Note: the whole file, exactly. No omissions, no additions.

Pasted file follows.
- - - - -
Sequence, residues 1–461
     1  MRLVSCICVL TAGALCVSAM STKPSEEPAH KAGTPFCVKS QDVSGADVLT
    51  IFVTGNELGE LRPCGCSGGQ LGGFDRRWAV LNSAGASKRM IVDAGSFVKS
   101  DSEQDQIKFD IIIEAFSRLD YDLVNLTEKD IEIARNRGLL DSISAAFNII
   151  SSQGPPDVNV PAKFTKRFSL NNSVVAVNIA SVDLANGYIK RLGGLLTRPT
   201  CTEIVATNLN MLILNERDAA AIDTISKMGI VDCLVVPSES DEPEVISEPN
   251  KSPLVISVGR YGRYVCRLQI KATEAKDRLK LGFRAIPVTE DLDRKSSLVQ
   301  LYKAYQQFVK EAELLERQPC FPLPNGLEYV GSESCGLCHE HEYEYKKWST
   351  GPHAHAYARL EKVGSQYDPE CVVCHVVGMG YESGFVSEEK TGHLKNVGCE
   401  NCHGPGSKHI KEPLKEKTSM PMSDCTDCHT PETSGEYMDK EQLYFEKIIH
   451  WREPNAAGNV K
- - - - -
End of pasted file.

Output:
Sequence, residues 1–461
     1  MRLVSCICVL TAGALCVSAM STKPSEEPAH KAGTPFCVKS QDVSGADVLT
    51  IFVTGNELGE LRPCGCSGGQ LGGFDRRWAV LNSAGASKRM IVDAGSFVKS
   101  DSEQDQIKFD IIIEAFSRLD YDLVNLTEKD IEIARNRGLL DSISAAFNII
   151  SSQGPPDVNV PAKFTKRFSL NNSVVAVNIA SVDLANGYIK RLGGLLTRPT
   201  CTEIVATNLN MLILNERDAA AIDTISKMGI VDCLVVPSES DEPEVISEPN
   251  KSPLVISVGR YGRYVCRLQI KATEAKDRLK LGFRAIPVTE DLDRKSSLVQ
   301  LYKAYQQFVK EAELLERQPC FPLPNGLEYV GSESCGLCHE HEYEYKKWST
   351  GPHAHAYARL EKVGSQYDPE CVVCHVVGMG YESGFVSEEK TGHLKNVGCE
   401  NCHGPGSKHI KEPLKEKTSM PMSDCTDCHT PETSGEYMDK EQLYFEKIIH
   451  WREPNAAGNV K